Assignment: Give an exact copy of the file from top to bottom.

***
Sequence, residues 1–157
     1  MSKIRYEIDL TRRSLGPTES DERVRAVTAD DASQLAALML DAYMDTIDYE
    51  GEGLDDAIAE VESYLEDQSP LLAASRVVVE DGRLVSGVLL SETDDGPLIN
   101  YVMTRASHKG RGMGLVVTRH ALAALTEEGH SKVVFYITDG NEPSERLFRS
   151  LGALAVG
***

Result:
Sequence, residues 1–157
     1  MSKIRYEIDL TRRSLGPTES DERVRAVTAD DASQLAALML DAYMDTIDYE
    51  GEGLDDAIAE VESYLEDQSP LLAASRVVVE DGRLVSGVLL SETDDGPLIN
   101  YVMTRASHKG RGMGLVVTRH ALAALTEEGH SKVVFYITDG NEPSERLFRS
   151  LGALAVG